Canon PowerShot A3200 IS Review
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The Canon Powershot A3200 IS is an easy to use entry-level compact aimed at the point-and-shooter for holidays and nights out. Sporting a decent 14.1 megapixel resolution and 5x optical zoom, the A3200 also houses some nifty technology to help take the best pictures possible. Priced with an SRP of £129, the Canon A3200 IS sits well in the marketplace as a viable option but how does it perform in real life?
Ease of Use
Looking at the svelte exterior, the small A3200 IS has little to offer but it's all in the design because there's more under the hood that isn't accessed using buttons and switches. Despite the moderate zoom, the Canon Powershot A3200 IS has an image stabiliser to steady your shots in low light where the shutter speed may have dropped.
The command dial mentioned previously is the retitled Best Shot Dial that Canon developed years ago. It enables fast selection of often used features such as the different shooting modes (Program, Auto, Easy) as well as a couple of quirky modes such as fish eye effect, miniature and posterize. There's also a discreet mode and access to the scene modes.
The fish eye effect bowls out the centre of the image to give a rounded look to the picture. It's great fun taking self portraits in this mode with the distortion it creates. The miniature mode will display a box on the screen which is the area of the photograph in focus. It can be manipulated up and down the screen so you can adjust the focal plane. The final picture looks good and it's nice to see modes like this on an entry level camera.
Face detection built in to the Canon Powershot A3200 IS can identify up to a whopping 35 faces and will select a correct exposure setting to ensure they're all in focus. Within the scene selection mode on the top dial, you can also choose the smart shutter mode which will take a picture automatically when it sees a face in the frame.
As with most compacts these days, the auto mode is now intelligent so it will analyse the scene you're taking a picture of and select the correct shooting mode to get the best exposure and colour balance. It will also explain what each feature does with the hints and tips mode. If you don't want or like the hints and tips, they can be switched off in the settings tab of the main menu.
One of the cooler features of the Canon Powershot A3200 IS is the Live View Control which allows you to make exposure and colour adjustments on screen. In this mode, which is selected on the command dial on top of the camera, three options for light, saturation and colour temperature will be displayed when you press the Function button in the middle of the navigation pad on the back.
They're not titled as such but the three slider scales have options at each end pertaining to the task they perform. For example, the first slider is for exposure and has the word Dark at one end and Light at the other. The saturation option in the middle has Neutral on the left and Vivid on the right, while the colour temperature option simply asks if you want the picture cool or warm. The great thing is it does it real time for you so you don't have to take a picture to find out if it's what you want.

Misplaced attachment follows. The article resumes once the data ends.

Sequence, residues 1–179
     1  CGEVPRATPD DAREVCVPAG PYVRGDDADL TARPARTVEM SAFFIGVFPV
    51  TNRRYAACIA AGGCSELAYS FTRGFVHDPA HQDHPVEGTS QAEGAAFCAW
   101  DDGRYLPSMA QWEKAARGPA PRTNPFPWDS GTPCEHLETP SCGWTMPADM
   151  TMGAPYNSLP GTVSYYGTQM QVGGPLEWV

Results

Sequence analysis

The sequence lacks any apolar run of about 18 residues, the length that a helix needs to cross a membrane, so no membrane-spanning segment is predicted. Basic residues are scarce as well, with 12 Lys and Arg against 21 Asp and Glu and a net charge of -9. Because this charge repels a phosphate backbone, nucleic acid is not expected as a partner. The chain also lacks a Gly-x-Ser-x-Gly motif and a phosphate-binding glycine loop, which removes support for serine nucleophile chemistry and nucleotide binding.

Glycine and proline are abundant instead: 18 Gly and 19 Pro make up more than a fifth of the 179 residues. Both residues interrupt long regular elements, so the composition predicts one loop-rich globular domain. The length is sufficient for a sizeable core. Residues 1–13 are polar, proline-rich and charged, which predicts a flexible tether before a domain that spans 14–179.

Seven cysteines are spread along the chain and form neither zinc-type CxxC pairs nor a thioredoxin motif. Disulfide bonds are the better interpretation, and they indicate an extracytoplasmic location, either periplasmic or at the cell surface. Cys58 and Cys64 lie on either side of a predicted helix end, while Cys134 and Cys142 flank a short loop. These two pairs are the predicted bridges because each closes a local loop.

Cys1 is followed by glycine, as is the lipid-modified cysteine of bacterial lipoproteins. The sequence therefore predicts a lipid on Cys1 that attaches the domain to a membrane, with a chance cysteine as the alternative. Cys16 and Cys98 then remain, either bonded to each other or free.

Pressing the function/set button in the centre of the navigation pad on the back will bring up the function menu. This small sub-menu gives access to often used modes such as ISO, white balance, drive modes, metering and file sizes. There's also a colour change mode for either adjusting, removing or prioritising colours. For more advanced options and features, the main menu offers modes such as adjusting the AF frame size, adjusting the digital zoom values and flash settings.
Interestingly, Canon have a tendency to integrate sub menus into their cameras and one such menu on the Powershot A3200 IS is the flash settings. There are only two more settings in this sub menu for red-eye reduction and enabling/disabling the red-eye lamp. It seems unusual that these two options would be put into an out of the way menu when it would only extend the main menu by one extra line. Canon must have their reasons though.
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The Canon Powershot A3200 IS is an easy to use camera with a relatively decent build quality. It has a metal shell on a plastic chassis. It's a good size with all the controls falling to our fingertips. The plastic tripod bush will probably wear out earlier than a metal one but users of this camera will be less likely to use one on a regular basis if at all. The built-in flash and high ISO1600 performance means that the photographer using this camera will opt for those modes before investing in legs.
The Canon Powershot A3200 IS takes SD and SDHC memory cards as well as being fully compatible with the new SDXC format. SDXC is the Extreme Capacity which starts at 32Gb and goes up to a theoretical maximum capacity of 2Tb (2048Gb).
Because it takes its own lithium ion battery, the A3200 IS will last longer between charges than a camera takes standard AA batteries. In fact, throughout the test taking over 150 pictures and constantly reviewing on the screen and taking video, the battery wasn't even half drained. It's a good performance like this that bolsters the benefits of using lithium ion in a camera. There are pros and cons to both such as a lithium ion battery running out on a day trip means the camera is useless, whereas you can buy AA batteries from any newsagents. AA batteries don't last as long which means outlay is more expensive for replacements.